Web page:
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Publications & Resource Links


Edited By: Donna Pierce and Marta Weigle

Concept and Design: William Field

Photography: Jack Parsons


The Museum of Spanish Colonial Art is pleased to offer its book, Spanish New Mexico, The Spanish Colonial Arts Society Collection, 320 pages, Museum of the New Mexico Press, 1996. Nothing less than a “museum on paper,” this two-volume, slipcased set makes available to the public for the first time the Society’s unparalleled collection of over 2,500 objects, both secular and religious. Lavishly illustrated with 600 color plates and 150 black and white photographs, Spanish New Mexico also includes essays on three centuries of art making, the founding of the Spanish Colonial Arts Society and Spanish Market, and profiles of many of today’s contemporary masters.

The first volume examines the characteristic subjects in a historical and cultural context – religious paintings and sculpture, hand-cragfted furniture, straw applique, precious metals, tinwork, utilitarian implements and textiles.

The second volume traces the 20th century revival of these crafts and the role of the Society, now 70 years old, in stimulating and promoting them. It also includes profiles of outstanding artists who continue to carry on these traditions. The great popularity of Santa Fe’s world renowned Spanish Market affirms the improtant role the Society has played in the preservation and continuing interest in Hispanic art. Hundreds of New Mexico artists continue to exhibit and sell contemporary examples of the traditional arts that have thrived in Northern New Mexico for centuries. The Society’s collection continues to teach and inspire new generations of artists while stimulating the ever growing interest in the history, culture, art and style of New Mexico.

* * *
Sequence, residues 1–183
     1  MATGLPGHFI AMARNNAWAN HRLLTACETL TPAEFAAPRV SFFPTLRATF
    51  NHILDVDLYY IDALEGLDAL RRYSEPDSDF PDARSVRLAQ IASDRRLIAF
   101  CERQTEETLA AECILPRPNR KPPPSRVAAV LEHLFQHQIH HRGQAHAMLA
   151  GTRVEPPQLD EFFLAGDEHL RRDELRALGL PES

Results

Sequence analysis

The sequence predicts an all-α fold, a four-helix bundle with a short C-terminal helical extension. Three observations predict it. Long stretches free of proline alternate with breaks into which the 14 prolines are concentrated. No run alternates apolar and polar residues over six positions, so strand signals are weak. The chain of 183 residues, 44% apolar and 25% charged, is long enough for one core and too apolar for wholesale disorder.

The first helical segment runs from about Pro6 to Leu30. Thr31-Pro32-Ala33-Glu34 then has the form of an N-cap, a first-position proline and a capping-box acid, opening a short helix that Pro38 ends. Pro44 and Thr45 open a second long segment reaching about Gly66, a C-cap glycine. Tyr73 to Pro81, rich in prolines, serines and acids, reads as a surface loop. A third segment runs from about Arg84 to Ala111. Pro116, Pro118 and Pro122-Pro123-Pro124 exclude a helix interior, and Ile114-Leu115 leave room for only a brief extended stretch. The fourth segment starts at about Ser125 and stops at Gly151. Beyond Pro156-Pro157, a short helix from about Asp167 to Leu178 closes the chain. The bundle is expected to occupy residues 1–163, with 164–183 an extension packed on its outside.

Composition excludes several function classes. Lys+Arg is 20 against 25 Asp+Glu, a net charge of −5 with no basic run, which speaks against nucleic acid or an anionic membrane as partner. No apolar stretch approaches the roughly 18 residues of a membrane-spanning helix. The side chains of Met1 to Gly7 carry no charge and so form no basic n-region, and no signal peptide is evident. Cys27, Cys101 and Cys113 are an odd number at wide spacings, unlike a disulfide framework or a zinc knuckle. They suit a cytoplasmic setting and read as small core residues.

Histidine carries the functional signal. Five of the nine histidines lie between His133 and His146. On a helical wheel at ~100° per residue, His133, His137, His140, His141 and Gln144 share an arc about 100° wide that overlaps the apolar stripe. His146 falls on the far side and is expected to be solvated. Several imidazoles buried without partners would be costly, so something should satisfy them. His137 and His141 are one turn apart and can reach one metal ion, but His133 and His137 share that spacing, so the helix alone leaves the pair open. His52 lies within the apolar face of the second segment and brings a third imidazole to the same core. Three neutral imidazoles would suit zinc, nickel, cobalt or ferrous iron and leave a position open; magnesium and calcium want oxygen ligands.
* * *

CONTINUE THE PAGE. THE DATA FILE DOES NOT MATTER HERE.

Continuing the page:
An extremely important collection in an intelligently organized, beautiful book. A wonderful resource and a big contribution to the field.—Dr. Marion Oettinger, Senior Curator, Curator of Latin American Art, San Antonio Museum of Art.

A magnificent contribution to Southwestern are studies and Spanish colonial art history, the catalogues offer a stunning presentation and a treasure trove of information and photographs.—Dr. Marcus Burke, Curator of Paintings, Drawings, and Metal Work. Hispanic Society of America.


Edited By: Carmella Padilla

Design: David Skolkin

Photography: Addison Doty & Jack Parsons

Contributors: Donna Pierce, Stuart Ashman

On the occasion of its opening July 21, 2002, the new Museum of Spanish Colonial Art has published a lavishly illustrated catalogue celebrating its collections and inaugural exhibition, Conexiones: Connections in Spanish Colonial Art.


Featuring 236 illustrations, 218 of them in full color, Conexiones: Connections in Spanish Colonial Art is edited by exhibition writer Carmella Padilla and offers a narrative of the inaugural exhibition by Carmella Padilla and Donna L. Pierce, Chief Curator of the Museum. A foreword by Executive Director Stuart A. Ashman, “Of Culture and Community,” details the story of the creation of the Museum. Donna Pierce contributes an essay titled “Visions Realized,” presenting both a personal and a scholarly history of the Spanish Colonial Arts Society and its collections. In an essay titled “A ‘New’ Mexico,” Carmella Padilla surveys the history of the Spanish colonial world and explains how Spain created the world’s first truly global culture.